The next example (Figure 3) also has several good qualities, but a couple of problems hinder its effectiveness. I’m mostly concerned with the graph on the right. Three-dimensional graphs are difficult to read. This is the only graph that displays monthly performance, but it is difficult to see trends and to interpret and compare the monthly values. In fact, something that ought to be obvious – the difference between positive and negative variances – is difficult to see. Which bars are extending upward from zero and which are heading downward into negative values? My other concern primarily involves the middle graph (“Adj Budget Variances per Month”). Nothing distinguishes the bar for November from the others, even though it represents only a half-month’s worth of data. This problem is minor compared to the month of December, however. The long bar extending downward for December suggests a large negative variance (that is, an extremely good value, well under budget), but there actually isn’t any data for the month of December. No bar whatsoever should appear for December.
The next example (Figure 4) falls far short in effectiveness compared to those we’ve already seen. This is a simple table that has been enhanced slightly by color-coding individual cells to indicate “Within Budget” (green) “Up to 4% Over” (yellow), or “> 5% Over Budget” (red). The primary problem with this display is that it communicates too little. We can’t see trends through time, nor can we see the relative values of each month or change from month to month, except in terms of these imprecise performance bins. And, in which bin do the values greater than 4% through 5% fit? There is a gap between two of the bins. Finally, by using the colors red and green to reveal important information, 10% of men and 1% of women – those who are color blind – are kept in the dark.
Even if a table were an adequate solution, this design forces us to work harder than necessary by centering the numbers and varying their levels of precision (the number of decimal digits), rather than making them easy to compare by displaying the same level of precision for every number (such as one decimal digit) and right aligning them, as numbers should always be aligned in tables.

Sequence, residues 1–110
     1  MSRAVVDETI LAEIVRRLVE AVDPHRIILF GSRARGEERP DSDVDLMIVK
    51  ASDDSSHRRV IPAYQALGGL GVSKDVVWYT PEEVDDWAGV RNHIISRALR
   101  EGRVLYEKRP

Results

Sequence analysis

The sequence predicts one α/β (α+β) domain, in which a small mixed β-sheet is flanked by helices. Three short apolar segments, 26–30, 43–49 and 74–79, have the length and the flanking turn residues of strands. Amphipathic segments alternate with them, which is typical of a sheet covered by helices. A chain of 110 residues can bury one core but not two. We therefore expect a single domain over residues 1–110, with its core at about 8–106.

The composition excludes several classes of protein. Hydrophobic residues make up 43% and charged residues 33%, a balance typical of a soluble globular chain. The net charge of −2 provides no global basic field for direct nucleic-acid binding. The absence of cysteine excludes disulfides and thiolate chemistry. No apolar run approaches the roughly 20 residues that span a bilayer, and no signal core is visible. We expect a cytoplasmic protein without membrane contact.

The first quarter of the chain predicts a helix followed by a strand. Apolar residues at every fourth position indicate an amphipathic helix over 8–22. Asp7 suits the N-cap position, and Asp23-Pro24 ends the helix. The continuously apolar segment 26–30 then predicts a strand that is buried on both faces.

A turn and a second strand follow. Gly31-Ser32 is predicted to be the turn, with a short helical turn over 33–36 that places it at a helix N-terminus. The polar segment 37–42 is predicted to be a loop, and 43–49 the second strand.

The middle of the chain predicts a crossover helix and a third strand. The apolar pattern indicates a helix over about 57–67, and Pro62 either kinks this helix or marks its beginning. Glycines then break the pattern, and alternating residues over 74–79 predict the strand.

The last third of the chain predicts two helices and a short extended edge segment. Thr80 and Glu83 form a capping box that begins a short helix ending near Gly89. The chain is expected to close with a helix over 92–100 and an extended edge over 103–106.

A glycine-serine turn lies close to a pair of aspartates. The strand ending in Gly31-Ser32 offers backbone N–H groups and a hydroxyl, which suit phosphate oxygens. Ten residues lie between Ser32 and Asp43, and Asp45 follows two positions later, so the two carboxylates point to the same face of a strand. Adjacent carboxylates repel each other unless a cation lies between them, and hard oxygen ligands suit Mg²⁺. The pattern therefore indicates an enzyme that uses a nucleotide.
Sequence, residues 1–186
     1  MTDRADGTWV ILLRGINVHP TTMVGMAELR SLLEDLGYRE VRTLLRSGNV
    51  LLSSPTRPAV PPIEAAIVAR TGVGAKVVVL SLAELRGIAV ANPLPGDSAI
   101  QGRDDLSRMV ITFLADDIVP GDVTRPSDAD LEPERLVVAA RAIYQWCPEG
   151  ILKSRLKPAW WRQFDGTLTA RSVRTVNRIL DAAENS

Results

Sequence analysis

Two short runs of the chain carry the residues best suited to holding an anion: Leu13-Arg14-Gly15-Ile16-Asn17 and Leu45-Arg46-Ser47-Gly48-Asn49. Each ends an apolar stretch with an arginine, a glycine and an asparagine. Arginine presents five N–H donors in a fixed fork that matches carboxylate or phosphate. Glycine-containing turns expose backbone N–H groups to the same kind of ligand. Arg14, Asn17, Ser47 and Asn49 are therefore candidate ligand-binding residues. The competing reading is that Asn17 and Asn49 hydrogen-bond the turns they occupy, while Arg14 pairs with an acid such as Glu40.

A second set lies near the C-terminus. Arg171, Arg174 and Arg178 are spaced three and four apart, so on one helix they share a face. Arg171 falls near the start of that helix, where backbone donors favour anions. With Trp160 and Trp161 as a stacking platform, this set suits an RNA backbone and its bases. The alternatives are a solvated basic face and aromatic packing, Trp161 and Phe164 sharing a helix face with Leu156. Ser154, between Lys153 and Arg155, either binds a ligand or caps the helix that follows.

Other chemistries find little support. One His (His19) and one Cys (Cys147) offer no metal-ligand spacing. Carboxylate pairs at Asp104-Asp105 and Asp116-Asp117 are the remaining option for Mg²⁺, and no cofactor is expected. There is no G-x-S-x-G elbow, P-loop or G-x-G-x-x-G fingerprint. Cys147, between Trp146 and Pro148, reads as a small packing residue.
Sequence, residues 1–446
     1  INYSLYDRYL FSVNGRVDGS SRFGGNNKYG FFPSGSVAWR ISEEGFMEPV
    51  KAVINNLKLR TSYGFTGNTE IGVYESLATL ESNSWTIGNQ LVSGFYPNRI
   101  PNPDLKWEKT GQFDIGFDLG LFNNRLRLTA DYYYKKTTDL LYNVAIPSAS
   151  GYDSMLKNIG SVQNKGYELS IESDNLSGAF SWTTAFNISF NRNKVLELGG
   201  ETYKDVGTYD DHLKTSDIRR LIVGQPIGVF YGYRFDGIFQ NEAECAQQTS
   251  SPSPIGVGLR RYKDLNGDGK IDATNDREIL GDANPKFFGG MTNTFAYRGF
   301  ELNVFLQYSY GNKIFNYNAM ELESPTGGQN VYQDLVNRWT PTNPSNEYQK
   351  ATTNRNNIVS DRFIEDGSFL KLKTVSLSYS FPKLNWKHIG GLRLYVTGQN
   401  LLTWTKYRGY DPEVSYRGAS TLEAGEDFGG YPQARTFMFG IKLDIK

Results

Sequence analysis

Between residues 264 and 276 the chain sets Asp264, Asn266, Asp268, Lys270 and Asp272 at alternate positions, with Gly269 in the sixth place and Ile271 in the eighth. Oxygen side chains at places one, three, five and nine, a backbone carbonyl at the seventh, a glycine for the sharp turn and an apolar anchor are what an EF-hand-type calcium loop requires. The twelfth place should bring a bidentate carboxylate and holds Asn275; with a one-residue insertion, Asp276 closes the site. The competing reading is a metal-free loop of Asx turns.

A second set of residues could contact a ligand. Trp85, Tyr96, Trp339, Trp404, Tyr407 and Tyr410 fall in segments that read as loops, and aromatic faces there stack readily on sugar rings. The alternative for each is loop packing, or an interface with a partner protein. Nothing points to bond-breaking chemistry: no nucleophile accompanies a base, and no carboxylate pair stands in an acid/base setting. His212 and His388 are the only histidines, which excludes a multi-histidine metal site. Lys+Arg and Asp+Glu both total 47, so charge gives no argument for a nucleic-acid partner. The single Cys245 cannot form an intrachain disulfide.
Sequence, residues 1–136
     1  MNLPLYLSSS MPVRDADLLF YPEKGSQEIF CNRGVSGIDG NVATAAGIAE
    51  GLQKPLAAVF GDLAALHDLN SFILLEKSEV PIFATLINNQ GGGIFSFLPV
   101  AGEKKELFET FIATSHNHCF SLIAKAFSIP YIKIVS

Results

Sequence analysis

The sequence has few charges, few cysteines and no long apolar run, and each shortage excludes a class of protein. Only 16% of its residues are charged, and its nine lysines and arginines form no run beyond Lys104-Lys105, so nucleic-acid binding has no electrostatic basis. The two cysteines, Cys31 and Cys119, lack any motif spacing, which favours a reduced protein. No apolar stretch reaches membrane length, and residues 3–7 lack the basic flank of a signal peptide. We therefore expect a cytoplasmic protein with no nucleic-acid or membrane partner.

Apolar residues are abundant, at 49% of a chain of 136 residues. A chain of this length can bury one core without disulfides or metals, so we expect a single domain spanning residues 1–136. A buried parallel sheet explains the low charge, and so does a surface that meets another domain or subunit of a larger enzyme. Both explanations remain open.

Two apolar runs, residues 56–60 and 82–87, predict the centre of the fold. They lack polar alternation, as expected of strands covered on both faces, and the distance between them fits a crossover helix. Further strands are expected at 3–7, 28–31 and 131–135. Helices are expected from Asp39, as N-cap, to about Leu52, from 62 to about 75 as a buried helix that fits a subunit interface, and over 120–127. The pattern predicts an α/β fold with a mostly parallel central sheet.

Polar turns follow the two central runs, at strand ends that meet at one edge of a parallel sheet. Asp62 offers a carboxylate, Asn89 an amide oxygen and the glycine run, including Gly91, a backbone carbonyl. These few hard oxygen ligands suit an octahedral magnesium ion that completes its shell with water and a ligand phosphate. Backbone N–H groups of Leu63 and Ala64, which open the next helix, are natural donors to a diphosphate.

I’ve saved the example that is least effective for last (Figure 5). This approach is certainly creative, but not in a good way. Can you figure out how to read it? Certainly not without instructions, and even with instruction, this method of encoding the data would remain too difficult to decipher. Conventional solutions, such as simple line graphs in this case, work quite effectively and require no training. Innovation isn’t necessary unless convention doesn’t do the job. When innovation is required, the test of effectiveness is that, once trained, can people easily see what they need to see and easily understand what it means.
We can learn from one another’s data visualization successes and failures. We all produce some of both. Next month, we’ll examine solutions to a scenario that asks for a display of checking account transactions and the resulting balance interspersed through the course of a single month.
Thanks again to everyone who participated in the Business Intelligence Network’s 2006 Data Visualization Competition. Through this unique form of collaboration, we can surely advance the state of effective data visualization!